Commissioner of Health Dr. Mark Levine said that as of 10:30 a.m., the state had 12 confirmed cases of the coronavirus.

He said that some of those who tested positive caught the virus not through travelling abroad but from person-to-person contact in the U.S.

Such a method of infection marks a change in how the virus is moving through the community, he said. The virus is no longer being brought into the community; it is already here and on the move.

Social distancing is important, Levine said.

While doing so will prove challenging for communities, it can also mean fewer people getting ill, fewer people dying, and a less of a chance that the virus will overrun the health-care system.

Levine also stressed the importance of people staying home if they are sick or displaying symptoms of the virus, including a fever, dry cough, or difficultly breathing.

Do not go to the emergency department or your doctor's office, he warned. Instead, call your doctor and follow instructions.

Levine said that over the next few months, the state will likely experience an increase in the number of coronavirus cases.

“If you do social distancing well,” he said, “we will all thank you.”

One reporter asked about some of the patients who had tested positive - patients who were residents of another state but quarantining at their second home in Vermont. Are these people adding an extra burden on the Vermont health-care system? the reporter asked.

Scott responded, “We as a nation are in this together, and we'll get through this together.”

He added that anyone considering traveling to Vermont to weather the coronavirus storm should screen themselves for illness and consider staying home.

“But once they're here, we'll take care of them,” he said. “Vermonters are compassionate, and we take care of people.”

Levine added that viruses don't respect borders and that really, Vermont should consider itself part of a broader northern New England community during this outbreak.

In regards to testing and the number of testing kits, the state has had several conversations with its state and federal counterparts, which include New Hampshire Governor Chris Sununu.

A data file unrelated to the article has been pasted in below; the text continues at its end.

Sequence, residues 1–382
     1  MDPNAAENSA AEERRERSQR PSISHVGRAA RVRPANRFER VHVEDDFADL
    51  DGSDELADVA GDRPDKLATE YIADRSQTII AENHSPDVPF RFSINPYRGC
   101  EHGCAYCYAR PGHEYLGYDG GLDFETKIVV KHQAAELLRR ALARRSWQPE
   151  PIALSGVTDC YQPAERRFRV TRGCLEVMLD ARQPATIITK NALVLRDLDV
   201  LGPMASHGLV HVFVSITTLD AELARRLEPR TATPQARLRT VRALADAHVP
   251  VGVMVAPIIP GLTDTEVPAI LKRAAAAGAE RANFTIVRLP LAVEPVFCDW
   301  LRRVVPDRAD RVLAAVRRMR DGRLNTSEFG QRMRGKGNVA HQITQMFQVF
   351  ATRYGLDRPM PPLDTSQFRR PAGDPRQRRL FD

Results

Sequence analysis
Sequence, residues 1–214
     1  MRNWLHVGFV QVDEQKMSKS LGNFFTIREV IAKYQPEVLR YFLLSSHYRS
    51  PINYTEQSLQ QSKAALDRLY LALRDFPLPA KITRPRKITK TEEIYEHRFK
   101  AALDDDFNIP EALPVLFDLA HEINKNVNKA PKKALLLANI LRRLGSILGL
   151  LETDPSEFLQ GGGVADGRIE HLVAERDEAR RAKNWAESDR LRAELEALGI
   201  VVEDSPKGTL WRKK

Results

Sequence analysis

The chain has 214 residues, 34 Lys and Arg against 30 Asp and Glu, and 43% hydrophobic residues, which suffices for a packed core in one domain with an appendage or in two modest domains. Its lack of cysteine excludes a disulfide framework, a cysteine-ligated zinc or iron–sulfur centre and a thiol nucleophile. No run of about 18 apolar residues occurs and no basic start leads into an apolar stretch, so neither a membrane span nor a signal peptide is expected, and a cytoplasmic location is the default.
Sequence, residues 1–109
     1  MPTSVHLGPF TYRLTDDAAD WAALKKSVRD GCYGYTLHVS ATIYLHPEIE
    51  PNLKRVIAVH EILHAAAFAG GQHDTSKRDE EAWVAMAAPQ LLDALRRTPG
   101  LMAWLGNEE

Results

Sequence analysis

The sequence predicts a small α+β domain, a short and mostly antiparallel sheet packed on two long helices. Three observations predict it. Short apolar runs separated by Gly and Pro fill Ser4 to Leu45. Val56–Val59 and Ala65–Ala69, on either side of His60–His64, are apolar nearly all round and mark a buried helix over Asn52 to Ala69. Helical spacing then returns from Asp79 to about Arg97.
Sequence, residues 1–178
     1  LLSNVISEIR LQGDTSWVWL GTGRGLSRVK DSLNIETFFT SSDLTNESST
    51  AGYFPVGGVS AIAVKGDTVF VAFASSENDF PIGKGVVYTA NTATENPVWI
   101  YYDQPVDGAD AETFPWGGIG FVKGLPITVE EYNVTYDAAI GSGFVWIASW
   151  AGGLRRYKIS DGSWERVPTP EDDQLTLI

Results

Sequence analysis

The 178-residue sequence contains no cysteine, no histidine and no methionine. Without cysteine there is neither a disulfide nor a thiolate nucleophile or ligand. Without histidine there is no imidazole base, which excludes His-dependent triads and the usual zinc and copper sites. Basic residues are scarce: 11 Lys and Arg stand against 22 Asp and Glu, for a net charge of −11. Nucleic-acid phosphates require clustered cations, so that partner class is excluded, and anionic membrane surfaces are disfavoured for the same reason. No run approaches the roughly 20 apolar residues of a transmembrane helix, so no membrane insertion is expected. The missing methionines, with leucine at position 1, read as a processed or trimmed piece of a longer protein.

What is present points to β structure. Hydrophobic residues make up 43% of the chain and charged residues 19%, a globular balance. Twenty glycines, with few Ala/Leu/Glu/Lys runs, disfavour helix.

Scott said the state is developing a “Vermont approach” to testing that could include partnerships with the University of Vermont, its medical center, and its Larner College of Medicine.

Levine said, as of Monday, that the state had tested 415 patients and that 400 test kits and 297 hospital beds were available. In addition, New Hampshire hospitals had tested five Vermonters.

Other plans in the works

Scott said the state has also adopted the federal Centers of Disease Control and Prevention's guidance to limit gatherings to 50 people or to 50 percent of a space-occupancy rate - whichever is fewer.

State employees who can work remotely will do so. Other state services like the Department of Motor Vehicles might make changes to hours, so residents should keep an eye on state websites.

In the case of the DMV, the governor has extended all license and registration renewals by 90 days. Check to learn more.

State officials also reported steps to mitigate the economic impacts of the virus and to support workers who either can't work due to illness or whose employers close.

Some of these supports require tweaks to federal law, Scott said. He has spoken to U.S. Sen. Patrick Leahy, D-Vt., and U.S. Rep. Peter Welch, D-Vt., who have told him they're working on the issue.

“We know this is coming,” Scott said. “The worst is yet to come. We just need to slow it down a bit.”

Subscribe to the newsletter for weekly updates